One of Australia's most popular and celebrated singer-songwriters enjoys touring America. Even if she isn't known on a first-name basis in this country like fellow Aussies who simply can go by Olivia, Kylie, Keith and Nicole.
Maybe Kasey Chambers, who wraps up a short tour in the States with an appearance at the Rocky Mountain Folks Festival on August 18, needs a nickname to get noticed here. Since she recently released an album of songs written by some of her favorite roots artists like Gram Parsons, Gillian Welch and Paul Kelly, what about Down Under-Cover Angel? OK, to most of us in the U.S., that's about as tasteful as a Vegemite sandwich.
With all her credentials, from multi-platinum-selling records to a mantel-full of awards from the Australian Recording Industry Association and Australasian Performing Right Association, just let the sweet-bird-of-youth voice that belongs to Chambers speak for itself.
If some Americans don't have a clue about her musical stylings, which remain under the strong influences of authentic country artists from Hank Williams to the Carter Family, Chambers said she still feels "an instant connection" to those audiences that do, "even though we have probably lived lives that are worlds apart."
"I grew up on mostly American country music," explained Chambers over the phone, the day before she was embarking on a 14-hour plane ride to the U.S. with her third child (and first girl), 9-month-old Poet Poppin, who will turn 1 in October.
This essentially is Chambers' own family tour. Her brother Nash is her manager and sound technician on the road. Her mom Diane handles Kasey's merchandise sales as she always does, and her dad Bill, who was raised by religious parents drawn to gospel-style music, sings while playing dobro, lap steel and mandolin in her band.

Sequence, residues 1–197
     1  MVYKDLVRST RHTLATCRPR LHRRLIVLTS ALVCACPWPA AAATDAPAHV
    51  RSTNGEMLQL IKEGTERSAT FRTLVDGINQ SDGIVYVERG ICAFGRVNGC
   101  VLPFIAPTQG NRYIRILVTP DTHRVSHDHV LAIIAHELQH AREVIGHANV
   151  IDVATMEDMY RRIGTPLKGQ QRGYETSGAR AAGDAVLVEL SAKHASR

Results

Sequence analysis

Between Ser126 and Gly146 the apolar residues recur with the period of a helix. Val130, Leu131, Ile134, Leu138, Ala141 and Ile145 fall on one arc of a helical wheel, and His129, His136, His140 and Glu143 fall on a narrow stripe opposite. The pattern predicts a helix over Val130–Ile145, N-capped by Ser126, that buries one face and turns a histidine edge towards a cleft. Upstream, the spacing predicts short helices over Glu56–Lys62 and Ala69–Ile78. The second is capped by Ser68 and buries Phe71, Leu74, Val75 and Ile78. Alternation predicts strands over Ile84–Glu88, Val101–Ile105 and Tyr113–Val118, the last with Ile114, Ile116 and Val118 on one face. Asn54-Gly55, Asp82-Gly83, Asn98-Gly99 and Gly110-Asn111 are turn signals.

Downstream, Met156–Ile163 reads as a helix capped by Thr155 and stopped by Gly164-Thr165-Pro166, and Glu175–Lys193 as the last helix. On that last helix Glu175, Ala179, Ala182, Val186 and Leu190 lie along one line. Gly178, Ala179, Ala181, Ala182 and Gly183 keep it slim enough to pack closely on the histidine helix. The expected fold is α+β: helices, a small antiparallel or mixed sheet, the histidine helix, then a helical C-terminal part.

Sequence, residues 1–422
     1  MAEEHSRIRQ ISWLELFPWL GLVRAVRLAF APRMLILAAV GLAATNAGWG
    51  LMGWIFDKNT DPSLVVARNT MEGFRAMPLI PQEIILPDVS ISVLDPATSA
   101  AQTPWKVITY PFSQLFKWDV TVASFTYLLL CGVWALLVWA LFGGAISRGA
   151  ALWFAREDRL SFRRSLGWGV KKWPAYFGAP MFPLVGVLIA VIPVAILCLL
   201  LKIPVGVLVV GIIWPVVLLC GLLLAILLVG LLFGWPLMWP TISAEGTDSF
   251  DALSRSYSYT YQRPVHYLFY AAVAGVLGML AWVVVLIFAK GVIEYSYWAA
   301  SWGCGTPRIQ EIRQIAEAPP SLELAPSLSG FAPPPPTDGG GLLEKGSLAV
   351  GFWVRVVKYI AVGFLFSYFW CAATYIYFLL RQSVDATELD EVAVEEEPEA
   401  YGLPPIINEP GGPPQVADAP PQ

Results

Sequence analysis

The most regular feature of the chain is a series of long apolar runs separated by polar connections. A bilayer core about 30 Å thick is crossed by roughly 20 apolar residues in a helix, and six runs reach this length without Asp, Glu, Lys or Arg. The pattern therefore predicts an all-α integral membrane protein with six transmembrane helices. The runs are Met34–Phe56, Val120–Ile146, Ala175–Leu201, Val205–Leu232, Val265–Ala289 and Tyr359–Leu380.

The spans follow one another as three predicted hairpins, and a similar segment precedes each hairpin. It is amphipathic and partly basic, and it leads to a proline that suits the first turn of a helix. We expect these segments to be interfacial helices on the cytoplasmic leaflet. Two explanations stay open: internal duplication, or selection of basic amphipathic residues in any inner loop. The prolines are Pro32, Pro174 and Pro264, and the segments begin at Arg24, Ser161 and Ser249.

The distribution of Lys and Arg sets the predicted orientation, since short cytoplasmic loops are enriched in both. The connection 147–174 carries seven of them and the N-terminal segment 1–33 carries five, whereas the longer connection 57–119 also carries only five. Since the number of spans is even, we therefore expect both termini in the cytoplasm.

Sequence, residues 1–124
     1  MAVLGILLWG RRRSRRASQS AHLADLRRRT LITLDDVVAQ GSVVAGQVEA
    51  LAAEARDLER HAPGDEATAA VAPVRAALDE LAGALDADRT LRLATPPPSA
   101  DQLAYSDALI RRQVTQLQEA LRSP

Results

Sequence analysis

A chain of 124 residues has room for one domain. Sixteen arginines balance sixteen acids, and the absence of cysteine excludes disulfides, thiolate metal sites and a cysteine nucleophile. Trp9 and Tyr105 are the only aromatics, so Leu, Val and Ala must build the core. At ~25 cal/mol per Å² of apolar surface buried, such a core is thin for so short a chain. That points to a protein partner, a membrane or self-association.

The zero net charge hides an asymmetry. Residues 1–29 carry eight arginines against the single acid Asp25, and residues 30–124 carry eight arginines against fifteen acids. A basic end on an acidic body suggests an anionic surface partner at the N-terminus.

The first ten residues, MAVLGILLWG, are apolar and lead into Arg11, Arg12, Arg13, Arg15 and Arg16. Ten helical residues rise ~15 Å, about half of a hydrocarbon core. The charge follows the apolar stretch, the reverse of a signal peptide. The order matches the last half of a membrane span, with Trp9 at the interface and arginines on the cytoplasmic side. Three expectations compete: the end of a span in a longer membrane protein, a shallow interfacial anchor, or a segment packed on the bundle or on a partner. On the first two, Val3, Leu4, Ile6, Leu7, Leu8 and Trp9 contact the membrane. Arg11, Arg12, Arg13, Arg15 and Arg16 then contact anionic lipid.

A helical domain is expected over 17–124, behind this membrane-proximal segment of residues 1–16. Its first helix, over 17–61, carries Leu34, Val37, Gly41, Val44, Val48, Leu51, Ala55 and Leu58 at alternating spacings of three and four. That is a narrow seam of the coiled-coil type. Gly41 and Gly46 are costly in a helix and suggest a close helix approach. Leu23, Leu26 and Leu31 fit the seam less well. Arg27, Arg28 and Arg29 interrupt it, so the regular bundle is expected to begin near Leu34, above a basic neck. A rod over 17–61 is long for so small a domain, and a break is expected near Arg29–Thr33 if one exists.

"So it's good," Chambers said. "I have two babysitters on the road."
Her husband, Shane Nicholson, didn't make this trip, staying home with their boys in the little beach town about two hours north of Sydney called Copacabana. "It's not quite as exotic as it sounds," Chambers said. "It's a really nice, kind of lazy town."
She'll probably return to the States at some point with Nicholson to promote their next album, Wreck & Ruin, which will be released here in October (Sugar Hill), a month after coming out in Australia.
This time around, she could focus on numbers from last year's Little Bird and a wide range of songs from Storybook, the album of covers that became available in the U.S. and the rest of the world through Amazon on July 30.
With the grueling task of narrowing down the field to 15 selections ("I think one day I might have to make a Storybook II," she said), Chambers picked personal favorites, some of which she had previously recorded, along with "songs by artists that have had a huge influence on me."
Among the best are Lucinda Williams' "Happy Woman Blues," Townes Van Zandt's "If I Needed You," John Prine's spunky "Leave the Lights On" and a live version of Patty Griffin's "Top of the World."
"I really could have picked any of 20 Lucinda songs and they all would have been fine in my head," Chambers said. "It was really more about representing Lucinda as an artist. ... So I just ended up picking the first Lucinda song that I ever sang."
Chambers said she was in "the right place at the right time" when her career in Australia "snowballed" with her second solo album, 2001's Barricades & Brickwalls, particularly after the single "Not Pretty Enough" went to No. 1 on the pop charts.
"Look, I'd like to think it's because I was so talented, but I know how the industry works," she joked, with a hearty cackle that sounds like a mash-up of Keith Richards and Sharon Osbourne rather than her own youthful singing voice. "So I'm not gonna kid myself about that.